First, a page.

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COLUMN: Brock Turner should be considered a rapist



Things do not always happen as they should. This is a statement for which it is so easy to find evidence that it may seem strange to pay any attention to it rather than take it for granted.

We live on the third planet from the sun, we need water to survive and the world is an abundantly absurd place where mistakes are made. That I am engaging directly with such an obvious statement comes from my recent confrontation with a stunningly ridiculous reminder of just how absurd our world is.

What is that reminder? Brock Turner is appealing his sexual assault conviction.

The man who raped an unconscious woman behind a dumpster and served only three out of the six months of his abhorrently lenient sentence somehow feels he has been mistreated.

I recognize that, by the current terms of California state law, I cannot actually call Brock Turner a rapist. This technicality, however, is a mistake that causes unjust damage for victims and obstructs the justice they deserve. 

Turner was found guilty of three felony charges, including assault with intent to commit rape of an intoxicated or unconscious person, penetrating an intoxicated person with a foreign object and penetrating an unconscious person with a foreign object.

If you are confused as to how penetration with a foreign object does not actually qualify as rape, the best explanation I can offer you is that the state of California defines rape as an act of “sexual intercourse,” which necessitates in this case that the foreign object be Turner’s penis.

Defining rape in this way is not only harmful to victims, but also out of date with federal standards. As of 2013, the FBI’s definition of rape is “penetration, no matter how slight, of the vagina or anus with any body part or object, or oral penetration by a sex organ of another person, without the consent of the victim.”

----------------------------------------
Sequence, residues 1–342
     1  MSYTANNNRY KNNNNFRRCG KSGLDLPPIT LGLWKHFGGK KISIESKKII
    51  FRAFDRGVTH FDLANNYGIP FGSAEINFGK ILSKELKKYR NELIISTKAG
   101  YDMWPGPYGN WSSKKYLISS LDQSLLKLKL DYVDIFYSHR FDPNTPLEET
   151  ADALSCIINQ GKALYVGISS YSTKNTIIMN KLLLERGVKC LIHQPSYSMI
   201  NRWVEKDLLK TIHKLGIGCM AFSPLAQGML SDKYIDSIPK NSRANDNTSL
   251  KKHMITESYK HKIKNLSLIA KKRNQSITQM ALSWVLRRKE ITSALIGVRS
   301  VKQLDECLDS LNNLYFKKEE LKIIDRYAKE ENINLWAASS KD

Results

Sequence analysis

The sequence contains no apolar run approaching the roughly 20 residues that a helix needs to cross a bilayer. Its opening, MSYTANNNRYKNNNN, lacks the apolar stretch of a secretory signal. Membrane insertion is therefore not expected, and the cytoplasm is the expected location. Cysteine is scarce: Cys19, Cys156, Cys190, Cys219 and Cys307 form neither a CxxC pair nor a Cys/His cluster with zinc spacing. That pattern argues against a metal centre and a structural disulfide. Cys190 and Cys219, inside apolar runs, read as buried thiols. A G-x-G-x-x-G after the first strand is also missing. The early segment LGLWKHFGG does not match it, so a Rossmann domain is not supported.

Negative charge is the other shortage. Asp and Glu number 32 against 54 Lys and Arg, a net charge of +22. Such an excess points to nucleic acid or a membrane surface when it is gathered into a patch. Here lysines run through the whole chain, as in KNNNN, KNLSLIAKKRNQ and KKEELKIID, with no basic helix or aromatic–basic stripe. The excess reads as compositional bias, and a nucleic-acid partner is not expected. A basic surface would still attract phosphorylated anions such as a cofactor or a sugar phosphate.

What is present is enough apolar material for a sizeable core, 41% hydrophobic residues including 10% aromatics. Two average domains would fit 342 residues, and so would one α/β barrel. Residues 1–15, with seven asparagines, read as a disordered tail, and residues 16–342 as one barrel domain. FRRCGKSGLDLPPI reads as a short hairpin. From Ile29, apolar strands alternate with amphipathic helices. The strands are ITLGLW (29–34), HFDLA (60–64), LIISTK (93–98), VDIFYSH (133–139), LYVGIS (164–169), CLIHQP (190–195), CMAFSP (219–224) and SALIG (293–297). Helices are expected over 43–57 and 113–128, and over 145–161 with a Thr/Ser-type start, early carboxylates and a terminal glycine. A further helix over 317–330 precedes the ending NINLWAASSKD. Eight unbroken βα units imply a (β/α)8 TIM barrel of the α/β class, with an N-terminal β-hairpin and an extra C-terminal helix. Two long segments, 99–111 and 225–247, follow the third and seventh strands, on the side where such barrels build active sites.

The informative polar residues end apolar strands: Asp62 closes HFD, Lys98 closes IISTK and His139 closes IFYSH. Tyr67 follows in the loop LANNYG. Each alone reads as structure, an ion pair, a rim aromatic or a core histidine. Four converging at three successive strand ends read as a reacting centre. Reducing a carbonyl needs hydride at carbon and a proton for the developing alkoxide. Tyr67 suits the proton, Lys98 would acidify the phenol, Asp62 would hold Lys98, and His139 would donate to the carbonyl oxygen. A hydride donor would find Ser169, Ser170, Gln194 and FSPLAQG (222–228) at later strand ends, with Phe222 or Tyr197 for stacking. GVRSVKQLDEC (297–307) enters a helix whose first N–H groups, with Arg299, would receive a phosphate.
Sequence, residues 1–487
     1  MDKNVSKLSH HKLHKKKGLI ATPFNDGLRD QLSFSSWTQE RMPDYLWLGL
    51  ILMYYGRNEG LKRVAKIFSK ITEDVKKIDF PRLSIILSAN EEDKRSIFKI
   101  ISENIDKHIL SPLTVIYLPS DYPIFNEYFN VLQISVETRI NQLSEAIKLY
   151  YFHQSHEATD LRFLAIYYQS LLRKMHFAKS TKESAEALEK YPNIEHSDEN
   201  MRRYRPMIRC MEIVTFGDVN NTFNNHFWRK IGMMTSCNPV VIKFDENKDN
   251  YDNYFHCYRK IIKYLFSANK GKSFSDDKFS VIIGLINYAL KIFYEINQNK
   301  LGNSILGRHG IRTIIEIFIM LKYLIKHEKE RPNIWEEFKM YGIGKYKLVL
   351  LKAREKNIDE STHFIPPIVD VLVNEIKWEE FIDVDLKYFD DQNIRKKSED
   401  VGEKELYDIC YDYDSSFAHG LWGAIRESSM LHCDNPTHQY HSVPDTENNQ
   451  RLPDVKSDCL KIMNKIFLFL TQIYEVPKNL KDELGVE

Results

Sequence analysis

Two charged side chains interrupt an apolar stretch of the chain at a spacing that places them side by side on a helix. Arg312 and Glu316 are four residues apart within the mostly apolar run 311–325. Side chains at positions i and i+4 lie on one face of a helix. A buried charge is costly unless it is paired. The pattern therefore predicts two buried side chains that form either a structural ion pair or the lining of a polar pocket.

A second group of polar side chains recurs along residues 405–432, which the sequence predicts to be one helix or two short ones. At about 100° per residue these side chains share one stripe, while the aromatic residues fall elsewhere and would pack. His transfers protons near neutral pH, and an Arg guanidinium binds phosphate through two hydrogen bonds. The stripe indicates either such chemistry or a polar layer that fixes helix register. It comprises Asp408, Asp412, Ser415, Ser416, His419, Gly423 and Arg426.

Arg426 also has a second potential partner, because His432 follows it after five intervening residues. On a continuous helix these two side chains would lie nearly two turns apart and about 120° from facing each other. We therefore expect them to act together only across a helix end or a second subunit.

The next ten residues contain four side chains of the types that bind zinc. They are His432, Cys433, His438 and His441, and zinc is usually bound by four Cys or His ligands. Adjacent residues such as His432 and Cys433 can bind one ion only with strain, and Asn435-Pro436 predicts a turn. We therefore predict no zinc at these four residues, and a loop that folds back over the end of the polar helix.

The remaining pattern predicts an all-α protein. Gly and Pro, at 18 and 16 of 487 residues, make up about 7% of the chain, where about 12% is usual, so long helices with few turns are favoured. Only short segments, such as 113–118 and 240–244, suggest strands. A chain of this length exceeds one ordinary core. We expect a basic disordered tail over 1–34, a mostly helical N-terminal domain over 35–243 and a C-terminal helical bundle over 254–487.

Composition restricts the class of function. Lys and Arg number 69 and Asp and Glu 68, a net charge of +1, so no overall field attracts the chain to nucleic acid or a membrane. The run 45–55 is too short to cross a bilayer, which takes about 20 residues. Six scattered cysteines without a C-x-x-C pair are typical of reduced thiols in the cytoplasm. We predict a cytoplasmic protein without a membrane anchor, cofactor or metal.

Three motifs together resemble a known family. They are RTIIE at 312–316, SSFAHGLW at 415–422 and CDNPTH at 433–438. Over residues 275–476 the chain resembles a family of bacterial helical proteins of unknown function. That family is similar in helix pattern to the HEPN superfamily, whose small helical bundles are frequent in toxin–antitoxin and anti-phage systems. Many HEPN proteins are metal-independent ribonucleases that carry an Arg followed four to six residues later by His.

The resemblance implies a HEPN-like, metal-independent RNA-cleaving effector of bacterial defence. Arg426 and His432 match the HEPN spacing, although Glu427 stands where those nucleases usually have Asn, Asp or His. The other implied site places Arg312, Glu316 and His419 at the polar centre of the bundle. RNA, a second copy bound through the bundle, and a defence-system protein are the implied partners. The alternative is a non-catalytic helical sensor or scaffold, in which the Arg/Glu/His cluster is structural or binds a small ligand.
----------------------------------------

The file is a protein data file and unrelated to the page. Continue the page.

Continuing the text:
This definition more accurately encompasses the actions we ought to classify as rape, and it is with this definition in mind that I call Brock Turner a rapist. 

And yet, Turner feels that it is he, rather than his victim, who has suffered an injustice.

Turner’s father infamously lamented that his son’s life should not be ruined for “20 minutes of action.” Judge Aaron Persky feared the “severe impact” of a longer prison sentence. It now appears that Turner has taken these sentiments to heart enough to feel justified in taking legal action. 

Grievances include the exclusion of testimonies from character witnesses, lack of instruction for jurors to consider lesser charges and mischaracterization of the circumstance of the assault. 

Turner wants it known that he assaulted his victim near a dumpster rather than behind it, because the latter description implies he was trying to hide his behavior. 

Let me be clear: there is no such thing as a man who is too good to be capable of rape. Jurors should not consider mild sentences for rapists. No matter where or how a rapist commits the crime, rape is rape. 

Rape is rape, and our definition of rape should include nonconsensual penetration of any kind so that we can provide victims with justice and predators with punishment.

mareklei@indiana.edu
@mklein319

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